A Column About a Conversation I Had While Packing.

Chicago Free Press Masthead

Common Life
By Jennifer Vanasco

Every day I was home, my mother and I would sort my grandmother’s belongings
into three piles: one for trash, one for good will and one to be moved to my
mother’s house, where my grandmother would soon be living. Then one of us
would take the pile to be moved and haul it three blocks in my grandmother’s
pristine Toyota to the small house on Long Island where I grew up.

One of us had to stay behind to guard the other two piles—we learned early on
that every time we left a room, my 80-year-old grandmother would sneak in and go
through the trash and good will bags, carefully picking out tablecloths to refold into
drawers and battered pots to restack into cabinets.

“The real estate agent said I could stay a few more days,” she would say
plaintively each time we caught her at her work, turning helplessly around the
room. “I’ll need things here.”

My grandmother, it seems, doesn’t want to move. I don’t blame her. I love her
house, with its screened back porch where we used to watch thunder storms and
the small living room where as a child I would dance madly in circles to the horns
of Tijuana Brass. And she and my mother don’t get along, which will make living
together difficult. They still bicker as if my mother is a rebellious teenager, my
grandmother even recalling, with venom, the time my mother flashed a police
officer from the passenger seat of a car when she was in high school.

So I was the one who stayed behind with my grandmother and guarded the piles
while my mother took the Toyota back and forth, back and forth. And since my
grandmother was desperate for company, I stopped shuffling things around while
my mother was gone, and we talked.

Most of our conversations revolved around me being a lesbian.

The first day we took a walk together, bringing along my grandmother’s small, fat
dog, who snuffled happily through the orange leaves. “I don’t understand why you
swing that way,” she grumbled, apropos of nothing.

I sighed. “You mean why I’m a lesbian?” I said. “I’ve always been a lesbian. Even
in high school—even in grade school, when I had crushes on girls and thought
everyone did.”

“Even then?” she said. “You must get it from the other side of the family.”

“I love being a lesbian!” I said, kicking leaves up into the air and trying to maintain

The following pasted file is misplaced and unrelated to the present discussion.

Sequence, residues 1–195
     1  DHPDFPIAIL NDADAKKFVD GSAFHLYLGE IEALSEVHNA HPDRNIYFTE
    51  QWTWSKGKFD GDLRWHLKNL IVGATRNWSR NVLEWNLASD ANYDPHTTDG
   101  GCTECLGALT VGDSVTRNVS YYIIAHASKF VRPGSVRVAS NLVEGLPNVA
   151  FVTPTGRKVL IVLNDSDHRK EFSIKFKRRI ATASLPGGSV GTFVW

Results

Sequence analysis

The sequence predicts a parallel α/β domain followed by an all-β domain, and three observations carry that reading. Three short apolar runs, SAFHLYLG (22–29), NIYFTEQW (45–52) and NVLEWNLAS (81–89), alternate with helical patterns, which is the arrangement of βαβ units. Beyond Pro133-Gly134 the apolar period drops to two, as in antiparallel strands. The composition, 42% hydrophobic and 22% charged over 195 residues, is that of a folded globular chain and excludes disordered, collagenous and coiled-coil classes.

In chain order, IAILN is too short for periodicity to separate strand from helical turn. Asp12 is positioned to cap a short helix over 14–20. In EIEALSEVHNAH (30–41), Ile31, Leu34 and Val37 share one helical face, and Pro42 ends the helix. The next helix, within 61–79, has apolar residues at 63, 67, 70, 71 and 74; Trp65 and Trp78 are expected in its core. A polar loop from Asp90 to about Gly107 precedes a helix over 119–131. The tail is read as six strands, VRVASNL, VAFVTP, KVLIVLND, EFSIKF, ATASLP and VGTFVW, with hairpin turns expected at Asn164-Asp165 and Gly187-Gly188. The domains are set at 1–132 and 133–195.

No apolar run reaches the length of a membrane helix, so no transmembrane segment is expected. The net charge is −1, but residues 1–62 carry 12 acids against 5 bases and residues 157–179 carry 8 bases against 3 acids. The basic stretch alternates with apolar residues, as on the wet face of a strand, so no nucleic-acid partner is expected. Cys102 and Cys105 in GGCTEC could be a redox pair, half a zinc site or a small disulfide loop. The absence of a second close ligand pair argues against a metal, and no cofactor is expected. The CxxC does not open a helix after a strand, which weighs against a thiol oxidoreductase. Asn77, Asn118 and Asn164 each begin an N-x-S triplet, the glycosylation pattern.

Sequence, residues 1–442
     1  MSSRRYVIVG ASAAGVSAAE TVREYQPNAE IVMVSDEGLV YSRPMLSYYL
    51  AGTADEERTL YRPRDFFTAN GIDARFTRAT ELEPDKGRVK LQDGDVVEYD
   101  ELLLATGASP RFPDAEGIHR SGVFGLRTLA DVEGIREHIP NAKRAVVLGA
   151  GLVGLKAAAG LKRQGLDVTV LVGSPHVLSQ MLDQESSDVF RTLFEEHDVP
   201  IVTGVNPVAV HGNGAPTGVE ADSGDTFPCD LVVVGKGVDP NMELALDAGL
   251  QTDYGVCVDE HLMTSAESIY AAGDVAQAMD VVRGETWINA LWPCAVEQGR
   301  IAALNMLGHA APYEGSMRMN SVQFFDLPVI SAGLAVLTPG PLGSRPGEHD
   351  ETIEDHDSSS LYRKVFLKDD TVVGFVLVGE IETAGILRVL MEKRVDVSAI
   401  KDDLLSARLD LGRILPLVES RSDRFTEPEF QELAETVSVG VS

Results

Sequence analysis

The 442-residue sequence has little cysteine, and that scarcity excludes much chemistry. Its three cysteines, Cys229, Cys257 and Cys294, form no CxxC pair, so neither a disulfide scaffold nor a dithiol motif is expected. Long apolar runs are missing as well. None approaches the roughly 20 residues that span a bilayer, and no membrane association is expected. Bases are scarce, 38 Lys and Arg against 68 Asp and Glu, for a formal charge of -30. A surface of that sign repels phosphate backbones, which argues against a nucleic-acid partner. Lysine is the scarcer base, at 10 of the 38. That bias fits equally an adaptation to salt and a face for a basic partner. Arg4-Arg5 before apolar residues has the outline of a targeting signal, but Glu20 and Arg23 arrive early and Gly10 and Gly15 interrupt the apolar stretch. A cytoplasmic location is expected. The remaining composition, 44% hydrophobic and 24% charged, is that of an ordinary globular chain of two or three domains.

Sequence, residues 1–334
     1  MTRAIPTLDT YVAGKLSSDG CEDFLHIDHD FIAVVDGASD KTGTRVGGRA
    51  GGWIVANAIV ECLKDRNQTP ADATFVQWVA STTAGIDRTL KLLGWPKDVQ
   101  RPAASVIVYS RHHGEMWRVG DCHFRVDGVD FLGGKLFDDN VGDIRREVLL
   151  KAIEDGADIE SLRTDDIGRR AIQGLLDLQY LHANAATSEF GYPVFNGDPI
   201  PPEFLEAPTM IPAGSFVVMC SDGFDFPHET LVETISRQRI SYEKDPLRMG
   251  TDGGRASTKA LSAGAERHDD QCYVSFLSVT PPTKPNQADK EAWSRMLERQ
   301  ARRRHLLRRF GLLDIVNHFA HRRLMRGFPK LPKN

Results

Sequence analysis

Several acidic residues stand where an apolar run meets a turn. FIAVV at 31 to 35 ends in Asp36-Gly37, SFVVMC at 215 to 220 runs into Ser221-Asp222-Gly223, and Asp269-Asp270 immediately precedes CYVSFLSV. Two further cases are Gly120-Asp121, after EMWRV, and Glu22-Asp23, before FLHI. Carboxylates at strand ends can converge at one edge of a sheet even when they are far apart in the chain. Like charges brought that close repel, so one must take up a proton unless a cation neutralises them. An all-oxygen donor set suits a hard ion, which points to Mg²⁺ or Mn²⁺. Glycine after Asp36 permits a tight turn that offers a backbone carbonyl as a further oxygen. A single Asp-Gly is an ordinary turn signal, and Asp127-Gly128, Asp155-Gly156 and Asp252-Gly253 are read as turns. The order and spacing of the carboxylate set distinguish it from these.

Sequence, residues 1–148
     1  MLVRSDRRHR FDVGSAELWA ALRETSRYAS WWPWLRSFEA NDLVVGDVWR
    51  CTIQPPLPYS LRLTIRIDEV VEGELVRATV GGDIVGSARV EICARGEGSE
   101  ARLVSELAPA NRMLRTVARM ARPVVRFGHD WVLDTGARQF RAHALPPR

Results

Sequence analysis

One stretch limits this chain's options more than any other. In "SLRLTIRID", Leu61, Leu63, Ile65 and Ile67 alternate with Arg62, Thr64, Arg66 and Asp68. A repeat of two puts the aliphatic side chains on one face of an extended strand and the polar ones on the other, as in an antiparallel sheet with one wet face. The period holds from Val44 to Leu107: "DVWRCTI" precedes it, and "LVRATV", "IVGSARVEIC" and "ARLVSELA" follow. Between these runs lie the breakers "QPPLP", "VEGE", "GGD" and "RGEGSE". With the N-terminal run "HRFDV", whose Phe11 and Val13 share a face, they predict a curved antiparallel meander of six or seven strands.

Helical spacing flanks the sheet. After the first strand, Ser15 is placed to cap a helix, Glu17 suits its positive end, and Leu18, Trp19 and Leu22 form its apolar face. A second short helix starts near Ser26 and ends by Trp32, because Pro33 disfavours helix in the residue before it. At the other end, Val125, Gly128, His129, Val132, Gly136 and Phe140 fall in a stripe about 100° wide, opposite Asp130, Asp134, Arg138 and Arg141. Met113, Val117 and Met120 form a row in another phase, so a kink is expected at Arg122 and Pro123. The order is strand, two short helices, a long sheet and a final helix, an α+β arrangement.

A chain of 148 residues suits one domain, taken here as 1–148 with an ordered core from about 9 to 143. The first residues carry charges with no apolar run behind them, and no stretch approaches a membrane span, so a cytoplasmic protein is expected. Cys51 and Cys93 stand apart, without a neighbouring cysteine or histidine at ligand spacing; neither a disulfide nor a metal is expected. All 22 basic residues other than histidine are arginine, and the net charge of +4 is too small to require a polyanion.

my sense of humor. “You can’t possibly know how great it is to be a lesbian, how
safe it feels, how strong the community is. If you and mom were lesbians, you
wouldn’t have had such bad marriages.”

That, of course, was not the right thing to say. It’s not even true. She threw a stick
to the dog and said nothing.

My grandmother is not really someone you can reason with. I keep trying, though
I’m not sure why. Sometime long ago, she gathered her opinions from the
prevailing culture and continues to hold onto them as desperately as she is holding
onto every dented pot in her house.

The second day, as we sat on the carpet shuffling through black-and-white baby
photos of my mother, my grandmother brought it up again. “I hope you don’t have
children if you’re going to continue to be a pervert,” she said.

“I probably will have children,” I said. “I mean, I might. If I felt ready for them.”

“No, no, no,” she replied, her lips tightening. She shoved down the cover of the
photo box.

“You’ve been to my house. You’ve met my girlfriend. What is so wrong about the
way we live?”

“It’s wrong,” she said. “It’s just wrong.”

The strange thing about this is that, though my grandmother voices her disgust,
she doesn’t act on it. She has stayed in the apartment I share with my girlfriend,
and though she refused to sleep in our bed, she had a good time with both of us.
She sends her love to my girlfriend in her letters; she asks about her in phone
calls. When I send articles to her, she reads my writing in the gay press.

She hasn’t cut me out of her will. She doesn’t refuse me entry into her home. She
listens when I tell her about my lesbian friends and my lesbian life. But she thinks I
am sick.

It is like someone saying “I hate you” but continuing to buy you chocolates and
flowers and taking you out to dinner. It hurts—but it also kind of feels like love.

The third day, when she brought up my sexual orientation again, I blocked it out
and continued to pack. I have no idea what she said. I only know how I responded:
by saying, “I love you and I’m happy. Then I was quiet. There seemed nothing left
to say.

Jennifer Vanasco is an award-winning syndicated columnist based in Chicago.